As the cold, autumnal air turned cheeks and noses red at a Sheffield primary school this week, some people might have questioned why lessons were being held outdoors.
There was certainly evidence of a runny nose or two. Hats and gloves were an essential requirement. And the teachers relished getting their freezing mitts on warm cup of coffee at break.
But one thing shone, even if the sun did not. And that was the smiles on the faces of these Year 2 children. They were outdoors, they were tackling engaging activities. And they were loving it.
The school in question was holding a Forest School session. No, a Forest School isn’t necessarily a school in the middle of a forest. It doesn’t have to be anywhere near one.
Any school can become a “Forest School” by getting staff trained in methods of outdoor learning that embrace the whole curriculum and provide a platform to move forward teaching in a stimulating fashion.
Schools give a vastly different emphasis to outdoor learning. Some schools don’t really engage with it at all, while some try to do as much as they can with the resources they have.
Others, however, have thrown their heart and soul into it, providing six or seven full days of outdoor learning.
English and maths lessons are built into this outdoor study, along with science and humanities topics. The ways the curriculum is integrated with the outdoors is innovative in many cases.
With Sheffield marketing itself as the outdoor city, it was delightful to be a part of such a fun and challenging day out of the classroom. In this case the children used the school grounds to learn about trees and nature, but other days might include a trip to the countryside or maybe a local wood.
The key thing is to get outdoors. Our city and its environs are on the holiday map for people wanting to enjoy hiking and climbing and so it’s important we share our greatest asset with young people. Investing time to allow them to enjoy nature and learn about its value is not only going to increase happiness in schools but it could also have a longer-term impact on safeguarding our city’s unique selling point and promoting Sheffield as the best outdoors destination.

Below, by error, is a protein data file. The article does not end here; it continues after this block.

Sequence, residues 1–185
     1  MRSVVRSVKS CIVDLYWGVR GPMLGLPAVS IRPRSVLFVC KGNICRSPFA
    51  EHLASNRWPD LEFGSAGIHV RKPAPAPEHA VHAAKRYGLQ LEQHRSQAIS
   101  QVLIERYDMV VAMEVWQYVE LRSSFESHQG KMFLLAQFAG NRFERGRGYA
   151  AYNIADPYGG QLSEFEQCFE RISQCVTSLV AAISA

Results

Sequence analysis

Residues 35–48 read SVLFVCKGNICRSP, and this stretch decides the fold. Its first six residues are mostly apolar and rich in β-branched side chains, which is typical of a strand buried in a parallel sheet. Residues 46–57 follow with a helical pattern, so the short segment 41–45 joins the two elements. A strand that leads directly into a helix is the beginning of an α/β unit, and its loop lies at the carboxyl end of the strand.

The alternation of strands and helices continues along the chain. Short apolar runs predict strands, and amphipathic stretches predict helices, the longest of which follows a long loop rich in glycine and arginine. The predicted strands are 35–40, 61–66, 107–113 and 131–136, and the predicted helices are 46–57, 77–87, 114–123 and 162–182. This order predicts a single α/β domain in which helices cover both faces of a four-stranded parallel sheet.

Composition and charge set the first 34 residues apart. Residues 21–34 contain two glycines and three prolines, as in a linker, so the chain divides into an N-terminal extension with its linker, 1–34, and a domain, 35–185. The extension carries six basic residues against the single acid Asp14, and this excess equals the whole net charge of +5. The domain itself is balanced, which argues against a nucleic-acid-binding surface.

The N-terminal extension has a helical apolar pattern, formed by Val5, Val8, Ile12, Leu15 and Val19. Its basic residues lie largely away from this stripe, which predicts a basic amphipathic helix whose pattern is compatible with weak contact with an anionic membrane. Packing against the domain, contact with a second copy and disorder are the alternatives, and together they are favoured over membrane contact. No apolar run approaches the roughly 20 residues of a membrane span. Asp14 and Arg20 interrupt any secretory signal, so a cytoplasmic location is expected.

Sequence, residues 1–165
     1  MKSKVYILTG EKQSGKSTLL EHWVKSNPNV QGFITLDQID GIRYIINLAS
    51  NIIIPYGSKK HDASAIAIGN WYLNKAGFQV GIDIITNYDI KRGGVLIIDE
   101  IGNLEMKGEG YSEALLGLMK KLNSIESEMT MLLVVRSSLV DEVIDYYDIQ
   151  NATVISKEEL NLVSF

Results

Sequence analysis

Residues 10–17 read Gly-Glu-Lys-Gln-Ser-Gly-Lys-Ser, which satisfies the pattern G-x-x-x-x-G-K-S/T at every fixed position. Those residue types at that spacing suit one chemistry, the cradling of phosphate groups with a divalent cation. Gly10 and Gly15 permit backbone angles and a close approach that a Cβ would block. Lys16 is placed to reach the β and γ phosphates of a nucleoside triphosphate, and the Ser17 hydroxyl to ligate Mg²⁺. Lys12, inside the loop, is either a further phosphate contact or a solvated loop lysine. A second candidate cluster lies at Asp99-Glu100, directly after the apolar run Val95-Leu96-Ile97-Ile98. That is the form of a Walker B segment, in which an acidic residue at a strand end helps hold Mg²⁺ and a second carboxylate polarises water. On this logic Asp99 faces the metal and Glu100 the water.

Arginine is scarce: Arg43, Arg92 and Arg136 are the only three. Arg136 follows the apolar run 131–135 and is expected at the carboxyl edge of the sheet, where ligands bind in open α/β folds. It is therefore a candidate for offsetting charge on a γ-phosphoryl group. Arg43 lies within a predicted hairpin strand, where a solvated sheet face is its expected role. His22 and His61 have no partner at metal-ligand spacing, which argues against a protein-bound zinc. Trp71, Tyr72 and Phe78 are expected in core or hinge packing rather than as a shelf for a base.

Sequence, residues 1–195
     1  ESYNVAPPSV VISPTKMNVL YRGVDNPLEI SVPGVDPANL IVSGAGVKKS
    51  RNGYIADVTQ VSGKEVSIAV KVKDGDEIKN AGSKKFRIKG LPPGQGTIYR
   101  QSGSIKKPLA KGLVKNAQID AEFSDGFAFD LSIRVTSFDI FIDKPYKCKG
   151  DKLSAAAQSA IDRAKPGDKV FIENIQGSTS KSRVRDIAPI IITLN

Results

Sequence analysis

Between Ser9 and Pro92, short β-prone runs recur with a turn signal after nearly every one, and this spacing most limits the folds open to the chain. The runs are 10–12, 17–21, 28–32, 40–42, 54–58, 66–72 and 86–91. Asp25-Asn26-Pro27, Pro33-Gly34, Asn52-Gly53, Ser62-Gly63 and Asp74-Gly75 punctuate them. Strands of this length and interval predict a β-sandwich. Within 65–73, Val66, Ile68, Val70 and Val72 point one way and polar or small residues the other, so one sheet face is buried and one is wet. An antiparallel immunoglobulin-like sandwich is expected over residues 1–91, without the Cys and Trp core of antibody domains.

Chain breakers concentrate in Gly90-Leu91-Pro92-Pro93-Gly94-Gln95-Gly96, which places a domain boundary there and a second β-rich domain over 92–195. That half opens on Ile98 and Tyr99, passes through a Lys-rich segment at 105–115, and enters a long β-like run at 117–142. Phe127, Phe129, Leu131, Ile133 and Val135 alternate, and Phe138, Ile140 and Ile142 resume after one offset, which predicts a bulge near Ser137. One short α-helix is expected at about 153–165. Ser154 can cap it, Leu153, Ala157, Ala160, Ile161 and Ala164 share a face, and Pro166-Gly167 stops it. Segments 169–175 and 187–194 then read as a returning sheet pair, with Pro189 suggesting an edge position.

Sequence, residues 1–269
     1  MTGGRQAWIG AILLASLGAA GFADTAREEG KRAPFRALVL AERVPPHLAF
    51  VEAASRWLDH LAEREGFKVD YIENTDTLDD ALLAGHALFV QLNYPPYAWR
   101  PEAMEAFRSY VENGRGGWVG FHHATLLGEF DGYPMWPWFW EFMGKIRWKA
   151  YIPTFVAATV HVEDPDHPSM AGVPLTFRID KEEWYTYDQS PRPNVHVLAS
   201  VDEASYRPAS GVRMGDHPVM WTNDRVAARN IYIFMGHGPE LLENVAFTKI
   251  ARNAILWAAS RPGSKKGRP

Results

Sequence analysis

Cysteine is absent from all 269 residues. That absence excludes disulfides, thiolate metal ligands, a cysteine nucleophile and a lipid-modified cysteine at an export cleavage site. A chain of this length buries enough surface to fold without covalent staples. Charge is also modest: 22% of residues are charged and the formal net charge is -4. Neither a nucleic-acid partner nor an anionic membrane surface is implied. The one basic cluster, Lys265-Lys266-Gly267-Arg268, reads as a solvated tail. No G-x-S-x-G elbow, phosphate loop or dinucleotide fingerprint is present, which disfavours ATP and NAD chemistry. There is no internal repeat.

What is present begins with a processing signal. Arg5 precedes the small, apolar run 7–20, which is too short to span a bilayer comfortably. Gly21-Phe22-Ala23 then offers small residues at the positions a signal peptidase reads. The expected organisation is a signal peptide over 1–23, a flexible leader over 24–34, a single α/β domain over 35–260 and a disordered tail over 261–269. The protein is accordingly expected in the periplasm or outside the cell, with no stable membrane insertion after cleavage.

How encouraging to discover Sheffield and Rotherham Wildlife Trusts are aiming to create a woodland shelter at Greno Woods that may be used as an outdoor learning environment.
A range of activities are already available there to engage children at South Yorkshire schools and plans are in place to develop that provision even further.
Schools on the edge of the city have countryside they can access easily and others with large playing grounds are also at an advantage. But there are many inner-city schools in Sheffield and some do not have any natural grass. For these schools, it is vital that provision is made that allows classes to get to an established location for an organised day’s learning.
We should be thankful for work done in this area by the council, Wildlife Trusts, the National Trust and others.
Sadly, the emphasis given to outdoor learning seems to tail off the older children get.
Parents often send their children into Year 1 and see nature exploration as a key part of the curriculum. Moving into Key Stage 2, the opportunities tend to be cut as SATs become the focus.
At secondary schools, few have heard of Forest School. Shorter lessons and timetabling pressures mean there is rarely the chance to take children away from the confines of the classroom.
The luxury of time in the countryside is something that schools might limit to a residential in Year 8 and consider the box ticked.
But headteachers have a valuable – and free – resource that this city offers. It’s called the surrounding countryside. It’s the greenbelt. It’s the Peak District National Park.
It’s something that can boost the emotional and spiritual wellbeing of our young people. It’s a teaching tool that should be used more often throughout a child’s journey along the school system.